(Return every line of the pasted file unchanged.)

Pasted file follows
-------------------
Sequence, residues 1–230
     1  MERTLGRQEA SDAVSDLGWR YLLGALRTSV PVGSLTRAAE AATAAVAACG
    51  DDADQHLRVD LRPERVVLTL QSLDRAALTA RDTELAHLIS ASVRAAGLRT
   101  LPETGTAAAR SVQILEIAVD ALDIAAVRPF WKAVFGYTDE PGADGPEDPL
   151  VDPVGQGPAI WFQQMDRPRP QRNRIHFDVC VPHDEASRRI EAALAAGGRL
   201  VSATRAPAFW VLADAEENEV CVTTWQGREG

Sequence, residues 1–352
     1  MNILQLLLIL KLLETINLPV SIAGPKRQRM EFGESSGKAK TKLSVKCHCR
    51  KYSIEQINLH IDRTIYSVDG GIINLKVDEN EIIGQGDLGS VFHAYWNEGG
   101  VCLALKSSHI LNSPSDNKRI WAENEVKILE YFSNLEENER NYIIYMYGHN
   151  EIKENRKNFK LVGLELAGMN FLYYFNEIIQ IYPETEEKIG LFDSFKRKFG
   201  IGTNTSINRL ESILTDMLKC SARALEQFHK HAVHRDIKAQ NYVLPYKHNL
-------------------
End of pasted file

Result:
Sequence, residues 1–230
     1  MERTLGRQEA SDAVSDLGWR YLLGALRTSV PVGSLTRAAE AATAAVAACG
    51  DDADQHLRVD LRPERVVLTL QSLDRAALTA RDTELAHLIS ASVRAAGLRT
   101  LPETGTAAAR SVQILEIAVD ALDIAAVRPF WKAVFGYTDE PGADGPEDPL
   151  VDPVGQGPAI WFQQMDRPRP QRNRIHFDVC VPHDEASRRI EAALAAGGRL
   201  VSATRAPAFW VLADAEENEV CVTTWQGREG

Sequence, residues 1–352
     1  MNILQLLLIL KLLETINLPV SIAGPKRQRM EFGESSGKAK TKLSVKCHCR
    51  KYSIEQINLH IDRTIYSVDG GIINLKVDEN EIIGQGDLGS VFHAYWNEGG
   101  VCLALKSSHI LNSPSDNKRI WAENEVKILE YFSNLEENER NYIIYMYGHN
   151  EIKENRKNFK LVGLELAGMN FLYYFNEIIQ IYPETEEKIG LFDSFKRKFG
   201  IGTNTSINRL ESILTDMLKC SARALEQFHK HAVHRDIKAQ NYVLPYKHNL